India is considering altering its requirements for filing drug patents in a bid to create more transparency in the pharmaceutical market, it has been claimed.
The Indian Patent Office (IPO) is thought to be considering a proposal which would make it mandatory for drug firms to disclose the International Non-Proprietary Name (INN) of a drug when applying for a patent.
If the proposal is accepted, India would become the first country in the world to implement the procedure.
An INN, which is handed out by the World Health Organization is a generic name given to a pharmaceutical substance and are designed to be unique and distinct to avoid confusion.
However, they have been concealed from patent applications in the past in a bid to discourage oppositions and challenges to patent validity.
It is thought the changes will make it easier for patent examiners, generic drug makers and public health groups to block frivolous patents from being granted.
It will also make it difficult for innovator drug firms to get patents for incremental innovations, which do not show any enhancement in efficacy of an existing method.
An anonymous “official” at the IPO has been quoted in the The Economic Times of India, as saying it is "currently consulting key stakeholders on the feasibility of mandating disclosure of WHO-assigned INNs in pharmaceutical patent applications, wherever applicable.”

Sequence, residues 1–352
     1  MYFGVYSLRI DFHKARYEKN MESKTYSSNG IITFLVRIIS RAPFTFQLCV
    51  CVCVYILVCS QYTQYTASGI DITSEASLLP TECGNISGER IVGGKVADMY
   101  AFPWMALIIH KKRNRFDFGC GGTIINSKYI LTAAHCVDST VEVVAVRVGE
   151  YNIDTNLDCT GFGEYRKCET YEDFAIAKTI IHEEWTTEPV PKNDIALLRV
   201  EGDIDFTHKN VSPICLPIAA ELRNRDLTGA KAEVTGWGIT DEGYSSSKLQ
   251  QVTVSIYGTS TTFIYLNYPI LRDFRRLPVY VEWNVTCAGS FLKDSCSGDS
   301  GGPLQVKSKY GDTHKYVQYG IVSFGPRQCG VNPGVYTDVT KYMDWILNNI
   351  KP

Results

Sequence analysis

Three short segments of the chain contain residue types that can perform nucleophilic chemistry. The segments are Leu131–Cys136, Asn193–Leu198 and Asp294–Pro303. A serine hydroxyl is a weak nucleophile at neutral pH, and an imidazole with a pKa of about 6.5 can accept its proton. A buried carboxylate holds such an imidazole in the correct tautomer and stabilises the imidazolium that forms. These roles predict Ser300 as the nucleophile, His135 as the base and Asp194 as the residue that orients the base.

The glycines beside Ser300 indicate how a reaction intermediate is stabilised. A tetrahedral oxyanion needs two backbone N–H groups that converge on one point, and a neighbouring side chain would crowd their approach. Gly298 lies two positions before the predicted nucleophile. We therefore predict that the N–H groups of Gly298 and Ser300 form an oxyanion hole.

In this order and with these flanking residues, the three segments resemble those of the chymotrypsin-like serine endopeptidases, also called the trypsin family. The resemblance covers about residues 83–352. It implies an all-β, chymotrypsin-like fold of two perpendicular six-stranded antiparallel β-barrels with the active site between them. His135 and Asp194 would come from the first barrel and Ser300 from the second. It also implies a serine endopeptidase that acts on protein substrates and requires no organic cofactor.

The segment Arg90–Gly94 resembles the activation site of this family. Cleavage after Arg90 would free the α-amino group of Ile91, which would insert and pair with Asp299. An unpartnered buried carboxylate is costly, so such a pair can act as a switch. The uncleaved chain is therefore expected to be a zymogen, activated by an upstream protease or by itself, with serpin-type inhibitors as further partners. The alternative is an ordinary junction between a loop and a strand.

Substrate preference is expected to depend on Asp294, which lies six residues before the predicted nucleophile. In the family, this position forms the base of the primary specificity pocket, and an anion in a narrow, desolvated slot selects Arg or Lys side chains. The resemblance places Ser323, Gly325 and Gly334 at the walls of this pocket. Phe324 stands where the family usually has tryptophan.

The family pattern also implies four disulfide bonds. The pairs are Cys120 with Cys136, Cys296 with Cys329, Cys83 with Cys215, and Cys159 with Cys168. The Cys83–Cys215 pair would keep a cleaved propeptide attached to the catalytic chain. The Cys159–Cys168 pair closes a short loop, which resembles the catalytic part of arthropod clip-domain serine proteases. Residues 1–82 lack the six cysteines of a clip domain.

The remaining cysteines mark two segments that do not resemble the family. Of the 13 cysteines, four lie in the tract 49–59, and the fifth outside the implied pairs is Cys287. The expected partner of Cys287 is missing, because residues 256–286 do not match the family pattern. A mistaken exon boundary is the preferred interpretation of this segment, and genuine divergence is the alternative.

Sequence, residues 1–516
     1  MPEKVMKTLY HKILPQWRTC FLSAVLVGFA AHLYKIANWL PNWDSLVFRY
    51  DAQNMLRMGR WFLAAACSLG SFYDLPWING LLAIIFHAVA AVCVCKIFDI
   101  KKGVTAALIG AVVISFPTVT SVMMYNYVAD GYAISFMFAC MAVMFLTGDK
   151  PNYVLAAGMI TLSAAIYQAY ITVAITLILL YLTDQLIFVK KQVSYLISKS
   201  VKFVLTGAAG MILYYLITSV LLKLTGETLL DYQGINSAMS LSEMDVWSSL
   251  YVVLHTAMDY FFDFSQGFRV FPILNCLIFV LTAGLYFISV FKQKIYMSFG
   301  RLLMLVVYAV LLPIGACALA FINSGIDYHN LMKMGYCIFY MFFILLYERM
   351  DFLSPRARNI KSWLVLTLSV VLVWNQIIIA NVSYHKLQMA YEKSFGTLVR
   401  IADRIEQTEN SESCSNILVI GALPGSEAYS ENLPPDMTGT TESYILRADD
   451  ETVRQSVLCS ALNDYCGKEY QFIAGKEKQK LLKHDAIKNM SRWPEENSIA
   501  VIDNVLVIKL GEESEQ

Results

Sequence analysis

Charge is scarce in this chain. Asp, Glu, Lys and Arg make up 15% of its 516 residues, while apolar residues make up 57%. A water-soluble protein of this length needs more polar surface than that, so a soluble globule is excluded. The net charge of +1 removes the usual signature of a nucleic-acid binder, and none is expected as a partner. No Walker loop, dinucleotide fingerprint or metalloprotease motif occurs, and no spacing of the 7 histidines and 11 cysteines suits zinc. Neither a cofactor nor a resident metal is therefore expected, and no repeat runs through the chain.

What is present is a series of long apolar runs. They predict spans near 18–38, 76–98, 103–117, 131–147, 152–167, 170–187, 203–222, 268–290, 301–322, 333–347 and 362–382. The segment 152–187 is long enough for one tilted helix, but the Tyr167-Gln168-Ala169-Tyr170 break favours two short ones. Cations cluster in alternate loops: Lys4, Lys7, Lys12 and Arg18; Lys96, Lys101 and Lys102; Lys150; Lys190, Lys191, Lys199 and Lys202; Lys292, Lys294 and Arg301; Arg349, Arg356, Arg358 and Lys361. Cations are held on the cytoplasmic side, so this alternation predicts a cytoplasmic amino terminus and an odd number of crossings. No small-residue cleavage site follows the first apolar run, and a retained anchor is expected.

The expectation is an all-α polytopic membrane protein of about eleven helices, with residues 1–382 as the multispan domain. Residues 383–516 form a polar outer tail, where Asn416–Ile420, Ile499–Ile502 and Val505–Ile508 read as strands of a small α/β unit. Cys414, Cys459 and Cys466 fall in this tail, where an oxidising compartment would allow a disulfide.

The official adds that a final decision has not yet been taken on the matter.
According to Ashwani Balayan, partner at ALG India Law Offices in New Delhi, India, the provisions would “go beyond” an applicant’s obligations and would clearly set up an “additional burden.”
“Identification of the corresponding INN only helps out the examiner in its job of determining the novelty and inventiveness,” Balayan said.
“By doing this it appears that the IPO, instead of upgrading its workforce and infrastructure, is attempting to pass-on some of its searching responsibilities directly on to the applicants.”
Balayan added: “I am of the view that the lack of applicant’s knowledge of the corresponding INNs and/or failure to disclose all the requisite INNs in respect of some or all of the involved substances … therein cannot and should not be prejudicial … to the applicant’s rights in the invention in any manner.
“That being so, such a requirement should not be made mandatory.”
The news comes at a time when the Indian patent regime is under the spotlight and has faced criticism from the US and Europe for some of its recent decisions.
In March 2012, it granted its first compulsory licence, allowing local manufacturer Natco to legally make and sell a low-cost version of Nexavar, a drug made by German pharmaceutical company Bayer used to treat kidney and liver cancer.
Earlier this year, the Supreme Court ruled that Novartis’ cancer drug Glivec was not significantly more effective than alternatives and that its active ingredient was already known, denying it a patent.
In September, LSIPR reported that The Alliance for a Fair Trade with India, a specially formed coalition, had written to US President Barack Obama urging him to address India’s drug policy with the country’s Prime Minister Manmohan Singh.
The IPO was not available for comment at the time of writing.
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India, IPO, patent, INN, WHO, pharmaceutical,